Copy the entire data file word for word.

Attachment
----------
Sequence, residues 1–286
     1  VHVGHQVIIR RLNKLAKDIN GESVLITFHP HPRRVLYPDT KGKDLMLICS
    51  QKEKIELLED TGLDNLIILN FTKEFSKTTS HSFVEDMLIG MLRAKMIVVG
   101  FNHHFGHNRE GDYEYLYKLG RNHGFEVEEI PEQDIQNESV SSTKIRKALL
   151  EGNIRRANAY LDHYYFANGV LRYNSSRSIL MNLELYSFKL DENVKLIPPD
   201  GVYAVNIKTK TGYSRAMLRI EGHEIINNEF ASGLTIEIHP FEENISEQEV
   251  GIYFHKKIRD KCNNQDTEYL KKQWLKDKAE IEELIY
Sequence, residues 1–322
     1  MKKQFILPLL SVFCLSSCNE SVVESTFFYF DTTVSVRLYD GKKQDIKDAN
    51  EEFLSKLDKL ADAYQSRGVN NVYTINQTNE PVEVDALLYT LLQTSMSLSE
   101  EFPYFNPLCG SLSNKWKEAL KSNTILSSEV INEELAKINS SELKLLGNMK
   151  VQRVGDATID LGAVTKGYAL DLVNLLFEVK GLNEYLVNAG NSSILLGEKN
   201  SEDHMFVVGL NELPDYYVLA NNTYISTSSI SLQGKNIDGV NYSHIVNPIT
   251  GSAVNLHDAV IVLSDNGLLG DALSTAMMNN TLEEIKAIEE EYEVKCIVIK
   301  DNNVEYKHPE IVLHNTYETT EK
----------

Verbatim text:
Sequence, residues 1–286
     1  VHVGHQVIIR RLNKLAKDIN GESVLITFHP HPRRVLYPDT KGKDLMLICS
    51  QKEKIELLED TGLDNLIILN FTKEFSKTTS HSFVEDMLIG MLRAKMIVVG
   101  FNHHFGHNRE GDYEYLYKLG RNHGFEVEEI PEQDIQNESV SSTKIRKALL
   151  EGNIRRANAY LDHYYFANGV LRYNSSRSIL MNLELYSFKL DENVKLIPPD
   201  GVYAVNIKTK TGYSRAMLRI EGHEIINNEF ASGLTIEIHP FEENISEQEV
   251  GIYFHKKIRD KCNNQDTEYL KKQWLKDKAE IEELIY
Sequence, residues 1–322
     1  MKKQFILPLL SVFCLSSCNE SVVESTFFYF DTTVSVRLYD GKKQDIKDAN
    51  EEFLSKLDKL ADAYQSRGVN NVYTINQTNE PVEVDALLYT LLQTSMSLSE
   101  EFPYFNPLCG SLSNKWKEAL KSNTILSSEV INEELAKINS SELKLLGNMK
   151  VQRVGDATID LGAVTKGYAL DLVNLLFEVK GLNEYLVNAG NSSILLGEKN
   201  SEDHMFVVGL NELPDYYVLA NNTYISTSSI SLQGKNIDGV NYSHIVNPIT
   251  GSAVNLHDAV IVLSDNGLLG DALSTAMMNN TLEEIKAIEE EYEVKCIVIK
   301  DNNVEYKHPE IVLHNTYETT EK